Wordpress.com is not Wordpress— or at least, it’s not what most people think of when they hear Wordpress. Most people know Wordpress as Wordpress.org, the popular open-source content management system (CMS). While Wordpress.com is built on top of Wordpress, it's not actually the same thing. Knowing that there is a difference between these two services is key.
The most obvious signal that Wordpress.com is different from Wordpress is that it has a different user interface— it’s a streamlined and simplified interface. More in line with what you might expect to find in a website builder.
Unlike most website builders, Wordpress.com is not a drag-and-drop, visual editor. Instead, it’s a form-based editor that separates the content of pages from the design. The downside of a form-based editor is that pages aren’t design within context.
Aspects of Wordpress.com feel like they are a result of being built on top of Wordpress rather than from thinking about what’s best for users. For example, when you choose a page template, you simply choose from a drop-down box. There is no preview— you just sort of guess and test. (Website builders such as Squarespace and Weebly have a more intuitive approach.)
Wordpress began as a blogging platform and Wordpress.com inherits the fantastic blogging features. They really have the best blog features of any website builder. (The only real competitor in blogging is Squarespace.)
Over the last decade, Wordpress has cultivated an ecosystem of third-party plugin creators. Wordpress.com lets you install any of those plugins (if you’re on the most expensive plan). These plugins extend functionality dramatically— there are plugins for everything: podcasts, membership systems, maps and more.
But here’s the thing: in order to configure almost every plugin, you have to leave behind the friendly Wordpress.com interface and enter WP-Admin. WP-Admin is the interface for Wordpress— it’s the unfriendlier interface, and avoiding it was the reason Wordpress.com was designed with a different interface from the start. Even common elements— such as forms— have to be configured in WP-Admin.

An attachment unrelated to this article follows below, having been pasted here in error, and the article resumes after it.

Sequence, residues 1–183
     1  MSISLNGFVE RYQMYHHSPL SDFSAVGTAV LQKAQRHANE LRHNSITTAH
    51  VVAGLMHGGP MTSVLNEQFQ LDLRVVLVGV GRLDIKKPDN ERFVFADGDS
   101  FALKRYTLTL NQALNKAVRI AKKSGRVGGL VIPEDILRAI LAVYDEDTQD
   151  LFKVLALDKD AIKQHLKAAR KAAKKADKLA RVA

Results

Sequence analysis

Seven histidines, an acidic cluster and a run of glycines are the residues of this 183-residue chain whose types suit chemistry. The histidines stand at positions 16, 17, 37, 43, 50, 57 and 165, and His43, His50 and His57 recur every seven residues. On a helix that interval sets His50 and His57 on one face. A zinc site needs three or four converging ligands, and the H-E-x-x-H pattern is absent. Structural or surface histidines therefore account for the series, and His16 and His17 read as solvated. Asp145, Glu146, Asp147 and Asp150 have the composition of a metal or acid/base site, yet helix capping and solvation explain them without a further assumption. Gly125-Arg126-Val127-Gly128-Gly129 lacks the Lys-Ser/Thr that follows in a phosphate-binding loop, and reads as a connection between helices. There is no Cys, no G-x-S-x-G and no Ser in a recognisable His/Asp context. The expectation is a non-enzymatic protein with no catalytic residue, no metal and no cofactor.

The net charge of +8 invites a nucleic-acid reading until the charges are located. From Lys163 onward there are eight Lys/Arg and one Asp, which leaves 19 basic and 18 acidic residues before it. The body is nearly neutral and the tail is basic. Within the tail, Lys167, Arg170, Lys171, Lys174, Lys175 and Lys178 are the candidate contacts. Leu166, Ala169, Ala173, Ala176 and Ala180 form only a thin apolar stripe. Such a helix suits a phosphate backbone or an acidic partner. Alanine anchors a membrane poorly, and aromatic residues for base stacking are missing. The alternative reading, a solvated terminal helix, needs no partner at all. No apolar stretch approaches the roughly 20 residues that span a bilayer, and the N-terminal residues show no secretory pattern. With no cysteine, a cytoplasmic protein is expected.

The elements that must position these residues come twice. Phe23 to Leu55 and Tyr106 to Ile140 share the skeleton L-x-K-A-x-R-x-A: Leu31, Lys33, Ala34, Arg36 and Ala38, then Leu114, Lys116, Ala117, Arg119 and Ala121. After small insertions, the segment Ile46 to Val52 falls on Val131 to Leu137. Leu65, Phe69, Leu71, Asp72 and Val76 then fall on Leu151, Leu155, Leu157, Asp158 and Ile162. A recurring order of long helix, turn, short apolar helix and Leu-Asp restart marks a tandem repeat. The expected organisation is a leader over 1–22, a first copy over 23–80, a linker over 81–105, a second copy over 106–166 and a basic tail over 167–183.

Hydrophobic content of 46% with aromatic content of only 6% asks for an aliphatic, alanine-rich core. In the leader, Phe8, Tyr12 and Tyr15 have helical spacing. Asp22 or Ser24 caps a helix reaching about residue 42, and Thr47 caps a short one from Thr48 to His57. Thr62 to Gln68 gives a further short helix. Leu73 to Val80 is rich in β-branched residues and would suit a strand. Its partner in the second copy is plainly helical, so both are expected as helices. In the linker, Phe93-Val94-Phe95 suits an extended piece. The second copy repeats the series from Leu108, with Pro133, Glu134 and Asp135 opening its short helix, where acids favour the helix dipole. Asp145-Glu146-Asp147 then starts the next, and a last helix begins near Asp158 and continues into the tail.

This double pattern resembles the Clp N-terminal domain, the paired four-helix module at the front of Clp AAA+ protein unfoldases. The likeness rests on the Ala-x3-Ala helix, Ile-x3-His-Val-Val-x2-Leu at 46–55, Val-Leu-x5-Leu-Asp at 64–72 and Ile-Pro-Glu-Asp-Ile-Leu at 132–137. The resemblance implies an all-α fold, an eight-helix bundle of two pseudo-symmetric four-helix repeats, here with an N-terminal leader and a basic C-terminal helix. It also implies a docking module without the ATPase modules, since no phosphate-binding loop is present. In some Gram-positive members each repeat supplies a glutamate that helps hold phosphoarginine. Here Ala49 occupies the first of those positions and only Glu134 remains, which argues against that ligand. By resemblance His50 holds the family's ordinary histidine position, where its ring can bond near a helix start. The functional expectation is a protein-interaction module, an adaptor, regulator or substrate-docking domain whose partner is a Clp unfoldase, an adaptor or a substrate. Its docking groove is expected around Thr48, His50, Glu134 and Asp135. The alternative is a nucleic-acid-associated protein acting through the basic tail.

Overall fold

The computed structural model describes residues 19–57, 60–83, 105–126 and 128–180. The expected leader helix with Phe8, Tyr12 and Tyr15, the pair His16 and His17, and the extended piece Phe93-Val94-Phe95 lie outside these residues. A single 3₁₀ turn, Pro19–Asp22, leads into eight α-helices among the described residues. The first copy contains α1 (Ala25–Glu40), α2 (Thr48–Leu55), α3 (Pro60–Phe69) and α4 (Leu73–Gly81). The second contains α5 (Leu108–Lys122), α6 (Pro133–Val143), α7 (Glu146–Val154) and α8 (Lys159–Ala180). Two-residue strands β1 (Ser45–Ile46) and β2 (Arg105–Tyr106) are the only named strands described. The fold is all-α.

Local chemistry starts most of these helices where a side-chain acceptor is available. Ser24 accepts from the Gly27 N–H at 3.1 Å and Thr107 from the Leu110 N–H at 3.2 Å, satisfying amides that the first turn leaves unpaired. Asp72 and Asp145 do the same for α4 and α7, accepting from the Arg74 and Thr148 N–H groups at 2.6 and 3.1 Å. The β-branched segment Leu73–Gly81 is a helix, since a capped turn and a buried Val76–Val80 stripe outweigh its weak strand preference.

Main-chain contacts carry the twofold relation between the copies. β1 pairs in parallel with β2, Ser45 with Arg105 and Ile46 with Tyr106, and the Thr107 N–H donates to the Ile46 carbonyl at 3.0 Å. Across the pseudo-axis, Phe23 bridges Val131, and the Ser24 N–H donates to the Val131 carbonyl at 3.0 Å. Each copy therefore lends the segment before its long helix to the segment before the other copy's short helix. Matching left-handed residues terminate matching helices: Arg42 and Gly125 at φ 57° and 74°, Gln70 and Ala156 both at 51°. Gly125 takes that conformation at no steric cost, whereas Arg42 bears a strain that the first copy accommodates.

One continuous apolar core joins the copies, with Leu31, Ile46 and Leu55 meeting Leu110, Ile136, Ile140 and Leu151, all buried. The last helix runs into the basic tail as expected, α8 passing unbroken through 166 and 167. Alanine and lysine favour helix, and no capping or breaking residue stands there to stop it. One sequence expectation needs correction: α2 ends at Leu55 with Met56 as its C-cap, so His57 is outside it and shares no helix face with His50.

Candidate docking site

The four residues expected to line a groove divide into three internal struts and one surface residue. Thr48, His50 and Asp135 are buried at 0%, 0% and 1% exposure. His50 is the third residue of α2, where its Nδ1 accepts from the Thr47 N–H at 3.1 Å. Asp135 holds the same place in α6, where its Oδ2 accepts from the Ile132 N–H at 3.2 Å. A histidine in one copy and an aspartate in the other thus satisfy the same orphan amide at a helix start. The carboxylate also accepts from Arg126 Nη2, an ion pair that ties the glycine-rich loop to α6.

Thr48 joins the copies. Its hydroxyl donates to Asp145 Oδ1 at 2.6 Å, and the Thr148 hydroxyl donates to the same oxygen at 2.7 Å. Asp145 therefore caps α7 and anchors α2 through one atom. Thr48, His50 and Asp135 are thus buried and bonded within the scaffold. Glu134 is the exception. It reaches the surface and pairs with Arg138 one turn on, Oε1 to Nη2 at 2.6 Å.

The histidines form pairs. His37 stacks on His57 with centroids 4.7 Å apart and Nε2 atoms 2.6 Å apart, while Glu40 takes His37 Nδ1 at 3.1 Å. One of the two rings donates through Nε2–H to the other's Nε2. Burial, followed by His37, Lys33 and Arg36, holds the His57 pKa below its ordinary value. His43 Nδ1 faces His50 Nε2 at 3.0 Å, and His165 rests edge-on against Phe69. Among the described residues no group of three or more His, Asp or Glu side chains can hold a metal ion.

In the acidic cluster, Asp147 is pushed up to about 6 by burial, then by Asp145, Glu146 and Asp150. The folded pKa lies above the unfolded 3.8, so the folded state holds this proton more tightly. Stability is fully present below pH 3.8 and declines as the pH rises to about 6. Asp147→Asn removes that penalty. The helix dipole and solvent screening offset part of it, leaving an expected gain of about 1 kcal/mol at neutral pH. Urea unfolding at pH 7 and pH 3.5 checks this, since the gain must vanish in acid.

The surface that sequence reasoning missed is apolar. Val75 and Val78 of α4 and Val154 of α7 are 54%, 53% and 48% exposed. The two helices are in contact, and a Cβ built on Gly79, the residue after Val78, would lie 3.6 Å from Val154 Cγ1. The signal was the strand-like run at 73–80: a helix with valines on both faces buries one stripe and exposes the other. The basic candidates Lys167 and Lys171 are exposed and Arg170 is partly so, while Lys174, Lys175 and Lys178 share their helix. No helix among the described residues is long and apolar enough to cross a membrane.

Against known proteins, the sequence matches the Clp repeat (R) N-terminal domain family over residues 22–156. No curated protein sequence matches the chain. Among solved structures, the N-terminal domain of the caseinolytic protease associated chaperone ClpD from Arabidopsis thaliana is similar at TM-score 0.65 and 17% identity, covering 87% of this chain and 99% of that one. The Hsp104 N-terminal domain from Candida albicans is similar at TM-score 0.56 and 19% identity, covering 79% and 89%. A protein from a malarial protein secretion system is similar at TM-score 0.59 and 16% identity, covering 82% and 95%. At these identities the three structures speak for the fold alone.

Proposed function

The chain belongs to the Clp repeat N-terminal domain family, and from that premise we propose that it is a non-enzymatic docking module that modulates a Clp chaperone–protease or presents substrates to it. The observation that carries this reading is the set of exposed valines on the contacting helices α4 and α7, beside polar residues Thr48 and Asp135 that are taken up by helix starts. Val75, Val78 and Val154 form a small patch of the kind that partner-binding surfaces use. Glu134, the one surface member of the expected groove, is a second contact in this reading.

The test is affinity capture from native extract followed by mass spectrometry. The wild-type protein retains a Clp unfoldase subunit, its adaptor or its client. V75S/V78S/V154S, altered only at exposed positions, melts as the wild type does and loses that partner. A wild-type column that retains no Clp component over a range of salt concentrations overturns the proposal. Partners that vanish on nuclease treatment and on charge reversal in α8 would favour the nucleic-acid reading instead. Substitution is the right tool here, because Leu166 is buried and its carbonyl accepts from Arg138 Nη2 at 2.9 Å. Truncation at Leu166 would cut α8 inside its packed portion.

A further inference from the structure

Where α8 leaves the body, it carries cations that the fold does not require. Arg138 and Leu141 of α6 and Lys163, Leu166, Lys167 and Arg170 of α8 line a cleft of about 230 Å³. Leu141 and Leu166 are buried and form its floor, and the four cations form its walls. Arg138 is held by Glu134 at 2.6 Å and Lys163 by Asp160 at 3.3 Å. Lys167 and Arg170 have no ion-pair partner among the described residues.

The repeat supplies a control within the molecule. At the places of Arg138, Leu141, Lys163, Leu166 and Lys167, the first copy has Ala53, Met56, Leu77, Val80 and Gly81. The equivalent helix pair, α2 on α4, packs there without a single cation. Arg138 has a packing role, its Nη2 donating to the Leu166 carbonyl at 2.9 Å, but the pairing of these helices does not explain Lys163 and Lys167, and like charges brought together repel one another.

In the end Wordpress.com tries to do two things: it tries to simplify Wordpress and let users leverage the awesome power of Wordpress plugins. The result is a product that’s built on compromises— which I think will make it worth it for for two types of users: bloggers and people who are already familiar with Wordpress (because they won’t mind using WP-Admin).
Packed with excellent features: tags, categories, drafts, posts in the future, featured images, automatic post sharing, custom permalinks and a lot more. One of the best parts: you can add a team of writers who can all contribute to your blog. Wordpress.com has the best blogging of any website builder. (It's only website builder competitor in blogging is Squarespace.) Show Screenshot
A flexible promotions editor lets you add discounts and coupons that apply when certain rules are met. Products can be categorized and have variations. You can choose between Paypal Standard or Stripe as a payments provider. You are not able to customize the emails and receipts that are sent to customers. No digital products. (Larger stores may want to consider a store builder as an alternative.) Show Screenshot